There is a growing debate in today’s poker world over who is the best player around. Many names get offered as the best of the best but there is truly no way to know who the best Texas Hold’em player in the world is. As the game of poker has grown followers have been able to follow the world’s best on television, through the internet, and many other mediums. Even still, with all of the information at our disposal, a clear cut number one has not been settled. Today, we are here to settle the debate. Not with one player, face, or game, but with a combination of the world’s best.
There are many factors that go into creating a great poker player, whether it be aggression, hand-reading, ego, table presence, or any of another handful of characteristics, the $6,000,000 poker player must have them all! By picking and choosing from the best in the world we can create our own super-human poker player who will be head and shoulders above the rest. Our test subjects, the current “best” in the world, can be seen on High Stakes Poker Cash Games, Poker after Dark, WSOP broadcasts, and even in nosebleed high-stakes online games at FullTilt Poker and PokerStars.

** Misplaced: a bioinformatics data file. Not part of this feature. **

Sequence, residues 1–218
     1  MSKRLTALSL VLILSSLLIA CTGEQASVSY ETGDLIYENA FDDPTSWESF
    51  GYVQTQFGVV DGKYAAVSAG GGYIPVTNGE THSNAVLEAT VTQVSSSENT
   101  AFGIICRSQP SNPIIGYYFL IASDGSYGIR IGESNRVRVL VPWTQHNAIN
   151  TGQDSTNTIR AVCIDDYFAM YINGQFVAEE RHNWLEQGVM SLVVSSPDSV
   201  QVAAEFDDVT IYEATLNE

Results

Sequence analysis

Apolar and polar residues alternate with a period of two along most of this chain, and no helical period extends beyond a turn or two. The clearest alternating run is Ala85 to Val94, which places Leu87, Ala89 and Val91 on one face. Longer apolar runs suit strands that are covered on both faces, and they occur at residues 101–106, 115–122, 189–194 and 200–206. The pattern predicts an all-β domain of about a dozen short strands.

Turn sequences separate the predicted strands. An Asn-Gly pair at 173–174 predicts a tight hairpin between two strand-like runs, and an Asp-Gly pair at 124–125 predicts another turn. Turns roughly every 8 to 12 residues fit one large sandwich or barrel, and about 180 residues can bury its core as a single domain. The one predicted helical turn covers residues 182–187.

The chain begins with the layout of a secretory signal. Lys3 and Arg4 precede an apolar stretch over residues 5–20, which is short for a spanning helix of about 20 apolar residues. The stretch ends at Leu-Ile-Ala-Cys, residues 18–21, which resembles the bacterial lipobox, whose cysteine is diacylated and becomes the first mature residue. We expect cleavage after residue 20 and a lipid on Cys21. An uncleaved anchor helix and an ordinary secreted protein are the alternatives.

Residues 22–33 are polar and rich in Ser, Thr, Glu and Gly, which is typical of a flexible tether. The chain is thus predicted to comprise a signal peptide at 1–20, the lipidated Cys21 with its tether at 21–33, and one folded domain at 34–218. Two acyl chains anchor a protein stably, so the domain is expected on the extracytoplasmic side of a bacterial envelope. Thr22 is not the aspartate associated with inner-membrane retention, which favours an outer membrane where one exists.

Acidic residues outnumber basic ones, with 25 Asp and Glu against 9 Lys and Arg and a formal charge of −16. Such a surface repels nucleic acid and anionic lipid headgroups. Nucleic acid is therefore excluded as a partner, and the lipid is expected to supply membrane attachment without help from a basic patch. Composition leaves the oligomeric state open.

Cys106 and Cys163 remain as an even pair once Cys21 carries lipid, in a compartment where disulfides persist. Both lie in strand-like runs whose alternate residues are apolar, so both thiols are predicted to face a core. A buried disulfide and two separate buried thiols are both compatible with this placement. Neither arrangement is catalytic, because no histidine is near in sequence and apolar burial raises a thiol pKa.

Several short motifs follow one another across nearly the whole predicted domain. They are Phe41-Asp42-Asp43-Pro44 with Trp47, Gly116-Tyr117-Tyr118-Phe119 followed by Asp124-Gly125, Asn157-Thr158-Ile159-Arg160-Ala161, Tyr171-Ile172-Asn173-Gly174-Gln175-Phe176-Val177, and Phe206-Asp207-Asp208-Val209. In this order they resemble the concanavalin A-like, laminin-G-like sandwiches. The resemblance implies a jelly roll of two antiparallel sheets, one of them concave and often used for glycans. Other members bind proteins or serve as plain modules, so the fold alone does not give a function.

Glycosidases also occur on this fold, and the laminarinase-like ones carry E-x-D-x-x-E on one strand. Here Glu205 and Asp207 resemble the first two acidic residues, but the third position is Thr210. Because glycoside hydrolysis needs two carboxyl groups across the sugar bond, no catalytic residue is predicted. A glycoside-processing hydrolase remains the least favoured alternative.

Let’s first dive into creating the best live poker player possible and then we’ll briefly touch on the best internet player(s) as well.
Fundamentals – Antonio “The Magician” Esfandiari
What strikes most as odd when turning on a televised cash game is just how out of the ordinary the players appear to operate. Hands such as Q3s and A4o are played as monsters and there seems to be at times a total disregard for poker fundamentals. Here to squash that bug is Antonio Esfandiari who plays as technically sound as anyone on televised cash games today. Antonio is known as a tight player before the flop but has shown an ability to open his game up when surrounded by nits. This “adjustment” is proof positive that Antonio understands the basic fundamentals of the game of poker. Instead of continuing to play tight and pass the blinds back and forth between TAGs, Antonio opens up his game and forces these players into situations to which they are unaccustomed.
Antonio also appears to understand the difference between value-betting and turning your hand into a bluff as well as semi-bluffing. While he may not be in the upper-tier of cash game players, these traits separate him from all of the other live players who rely solely on a tight PF style to make money.
Aggression – Phil Ivey